RFC 1483 LLC/SNAP-encapsulated	ATM; the packet	begins with an
		 IEEE 802.2 LLC	header.

	    DLT_RAW
		 raw IP; the packet begins with	an IP header.

	    DLT_PPP_SERIAL
		 PPP  in HDLC-like framing, as per RFC 1662, or	Cisco PPP with
		 HDLC framing, as per section 4.3.1 of	RFC  1547;  the	 first
		 byte  will  be	0xFF for PPP in	HDLC-like framing, and will be
		 0x0F or 0x8F for Cisco	PPP with HDLC framing.

	    DLT_PPP_ETHER
		 PPPoE;	the packet begins with a  PPPoE	 header,  as  per  RFC
		 2516.

	    DLT_C_HDLC
		 Cisco	PPP  with  HDLC	 framing,  as per section 4.3.1	of RFC
		 1547.

	    DLT_IEEE802_11
		 IEEE 802.11 wireless LAN

	    DLT_FRELAY
		 Frame Relay

	    DLT_LOOP
		 OpenBSD loopback encapsulation; the link layer	 header	 is  a
		 4-byte	 field,	 in network byte order,	containing a PF_ value
		 from OpenBSD's	socket.h for the network-layer protocol	of the
		 packet.

		 Note  that, if	a ``savefile'' is being	read, those PF_	values
		 are not necessarily those of the machine reading the  capture
		 file.

	    DLT_LINUX_SLL
		 Linux	"cooked"  capture encapsulation; the link layer	header
		 contains, in order:

		      a	2-byte "packet type", in network byte order, which  is
		      one of:

			   0	packet was sent	to us by somebody else

			   1	packet was broadcast by	somebody else

			   2	packet	was  multicast,	 but not broadcast, by
				somebody else

			   3	packet was sent	by somebody else  to  somebody
				else

			   4	packet was sent	by us

		      a	 2-byte	 field,	 in  network  byte order, containing a
		      Linux ARPHRD_ value for the link layer device type;

		      a	2-byte field, in network byte  order,  containing  the
		      length  of  the  link layer address of the sender	of the
		      packet (which could be 0);

		      an 8-byte	field containing that number of	bytes  of  the
		      link  layer header (if there are more than 8 bytes, only
		      the first	8 are present);

		      a	2-byte field containing	an Ethernet protocol type,  in
		      network  byte  order,  or	 containing 1 for Novell 802.3
		      frames without an	802.2  LLC  header  or	4  for	frames
		      beginning	with an	802.2 LLC header.

	    DLT_LTALK
		 Apple	LocalTalk;  the	 packet	 begins	with an	AppleTalk LLAP
		 header.

	    DLT_PFLOG
		 OpenBSD pflog;	the link layer header contains,	in order:

		      a	1-byte header length, in host byte order;

		      a	4-byte PF_ value, in host byte order;

		      a	2-byte action code, in network byte  order,  which  is
		      one of:

			   0	passed

			   1	dropped

			   2	scrubbed

		      a	 2-byte	 reason	 code, in network byte order, which is
		      one of:

			   0	match

			   1	bad offset

			   2	fragment

			   3	short

			   4	normalize

			   5	memory

		      a	16-character interface name;

		      a	16-character ruleset name (only	meaningful if  subrule
		      is set);

		      a	4-byte rule number, in network byte order;

		      a	4-byte subrule number, in network byte order;

		      a	 1-byte	direction, in network byte order, which	is one
		      of:

			   0	incoming or outgoing

			   1	incoming

			   2	outgoing

	    DLT_PRISM_HEADER
		 Prism monitor mode information	followed by an 802.11  header.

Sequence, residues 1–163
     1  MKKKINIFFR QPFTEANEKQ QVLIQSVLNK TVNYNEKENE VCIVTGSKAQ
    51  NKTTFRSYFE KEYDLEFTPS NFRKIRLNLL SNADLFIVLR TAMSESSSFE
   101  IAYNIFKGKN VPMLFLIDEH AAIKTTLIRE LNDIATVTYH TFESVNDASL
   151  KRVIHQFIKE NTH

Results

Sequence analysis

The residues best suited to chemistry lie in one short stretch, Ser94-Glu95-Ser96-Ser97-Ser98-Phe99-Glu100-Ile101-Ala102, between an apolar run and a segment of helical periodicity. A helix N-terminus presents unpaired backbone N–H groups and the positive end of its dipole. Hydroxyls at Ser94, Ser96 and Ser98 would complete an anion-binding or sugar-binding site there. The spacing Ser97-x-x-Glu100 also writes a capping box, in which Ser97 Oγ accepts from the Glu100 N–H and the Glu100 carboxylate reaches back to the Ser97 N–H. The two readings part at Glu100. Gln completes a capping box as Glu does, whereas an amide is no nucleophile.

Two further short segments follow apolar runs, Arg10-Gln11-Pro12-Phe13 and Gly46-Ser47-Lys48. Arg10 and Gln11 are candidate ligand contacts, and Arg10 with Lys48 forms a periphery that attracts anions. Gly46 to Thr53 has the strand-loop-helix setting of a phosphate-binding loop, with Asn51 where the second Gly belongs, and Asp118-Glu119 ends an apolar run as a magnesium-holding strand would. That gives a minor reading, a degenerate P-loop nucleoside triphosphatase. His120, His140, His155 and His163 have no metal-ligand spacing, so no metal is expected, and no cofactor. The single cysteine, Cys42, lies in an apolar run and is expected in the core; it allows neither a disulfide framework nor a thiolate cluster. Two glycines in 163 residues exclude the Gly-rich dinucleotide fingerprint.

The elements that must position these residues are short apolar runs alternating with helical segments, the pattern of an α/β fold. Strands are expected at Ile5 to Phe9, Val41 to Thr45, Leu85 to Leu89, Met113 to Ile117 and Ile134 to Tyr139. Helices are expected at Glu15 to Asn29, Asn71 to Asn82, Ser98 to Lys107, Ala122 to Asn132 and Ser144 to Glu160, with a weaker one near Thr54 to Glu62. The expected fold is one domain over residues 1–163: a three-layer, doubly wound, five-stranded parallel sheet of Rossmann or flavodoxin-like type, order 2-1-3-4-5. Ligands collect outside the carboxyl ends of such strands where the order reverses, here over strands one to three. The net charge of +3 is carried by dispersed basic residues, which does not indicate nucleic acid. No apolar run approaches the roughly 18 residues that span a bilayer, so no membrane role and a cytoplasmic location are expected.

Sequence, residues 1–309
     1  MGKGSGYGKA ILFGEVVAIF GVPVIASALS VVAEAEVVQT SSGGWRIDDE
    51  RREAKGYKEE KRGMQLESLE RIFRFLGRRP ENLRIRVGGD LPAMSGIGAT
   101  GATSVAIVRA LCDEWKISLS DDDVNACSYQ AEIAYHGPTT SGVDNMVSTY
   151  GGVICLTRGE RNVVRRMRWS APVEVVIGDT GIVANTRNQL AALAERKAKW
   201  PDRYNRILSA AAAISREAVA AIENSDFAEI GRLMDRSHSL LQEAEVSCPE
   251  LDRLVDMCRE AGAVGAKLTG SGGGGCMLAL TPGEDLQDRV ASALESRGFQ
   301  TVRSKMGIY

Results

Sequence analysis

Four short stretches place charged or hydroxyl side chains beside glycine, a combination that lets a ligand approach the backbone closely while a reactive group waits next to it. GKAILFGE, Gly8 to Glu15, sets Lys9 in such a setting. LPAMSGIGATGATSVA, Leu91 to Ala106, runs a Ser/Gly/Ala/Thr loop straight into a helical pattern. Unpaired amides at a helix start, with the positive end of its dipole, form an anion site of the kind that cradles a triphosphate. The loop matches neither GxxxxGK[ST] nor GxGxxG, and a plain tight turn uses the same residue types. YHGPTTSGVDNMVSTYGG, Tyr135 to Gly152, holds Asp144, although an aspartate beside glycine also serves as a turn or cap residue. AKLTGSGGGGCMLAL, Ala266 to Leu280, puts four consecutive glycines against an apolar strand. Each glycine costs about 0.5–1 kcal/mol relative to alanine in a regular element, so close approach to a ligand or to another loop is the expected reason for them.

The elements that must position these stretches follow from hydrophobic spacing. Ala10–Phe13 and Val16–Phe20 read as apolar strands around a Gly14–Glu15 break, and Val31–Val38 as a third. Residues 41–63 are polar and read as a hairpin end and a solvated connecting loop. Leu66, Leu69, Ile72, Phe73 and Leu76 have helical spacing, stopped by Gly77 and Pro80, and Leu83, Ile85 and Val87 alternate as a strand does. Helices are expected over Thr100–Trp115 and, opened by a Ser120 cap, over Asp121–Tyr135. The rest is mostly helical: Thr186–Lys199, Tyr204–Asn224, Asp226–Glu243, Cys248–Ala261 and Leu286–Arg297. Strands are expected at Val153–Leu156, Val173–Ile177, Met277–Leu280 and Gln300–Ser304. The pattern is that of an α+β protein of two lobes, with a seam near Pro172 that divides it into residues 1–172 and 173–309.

DLT_IP_OVER_FC
		 RFC  2625  IP-over-Fibre  Channel, with the link-layer	header
		 being the Network_Header as described in that RFC.

	    DLT_SUNATM
		 SunATM	devices; the link layer	header contains, in order:

		      a	1-byte flag field, containing a	direction flag in  the
		      uppermost	 bit,  which is	set for	packets	transmitted by
		      the machine  and	clear  for  packets  received  by  the
		      machine,	and  a	4-byte traffic type in the low-order 4
		      bits, which is one of:

			   0	raw traffic

			   1	LANE traffic

			   2	LLC-encapsulated traffic

			   3	MARS traffic

			   4	IFMP traffic

			   5	ILMI traffic

			   6	Q.2931 traffic

		      a	1-byte VPI value;

		      a	2-byte VCI field, in network byte order.

	    DLT_IEEE802_11_RADIO
		 link-layer information	followed by an	802.11	header	-  see
		 http://www.shaftnet.org/~pizza/software/capturefrm.txt	 for a
		 description of	the link-layer information.

	    DLT_ARCNET_LINUX
		 ARCNET, with no exception frames, reassembled packets	rather
		 than raw frames, and an extra 16-bit offset field between the
		 destination host and type bytes.

	    DLT_LINUX_IRDA
		 Linux-IrDA packets, with a DLT_LINUX_SLL header  followed  by
		 the IrLAP header.

       pcap_list_datalinks()  is used to get a list of the supported data link
       types  of  the  interface  associated   with   the   pcap   descriptor.
       pcap_list_datalinks()  allocates	 an  array  to	hold the list and sets
       *dlt_buf.  The caller is	responsible for	 freeing  the  array.	-1  is
       returned	 on  failure;  otherwise, the number of	data link types	in the
       array is	returned.

       pcap_set_datalink() is used to set the current data link	 type  of  the
       pcap  descriptor	to the type specified by dlt.  -1 is returned on fail-
       ure.

       pcap_datalink_name_to_val() translates a	data link type name, which  is
       a  DLT_ name with the DLT_ removed, to the corresponding	data link type
       value.  The translation is case-insensitive.  -1	is returned  on	 fail-
       ure.

       pcap_datalink_val_to_name()  translates	a  data	link type value	to the
       corresponding data link type name.  NULL	is returned on failure.

       pcap_datalink_val_to_description() translates a data link type value to
       a  short	description of that data link type.  NULL is returned on fail-
       ure.

       pcap_list_datalinks() is	used to	get a list of the supported data  link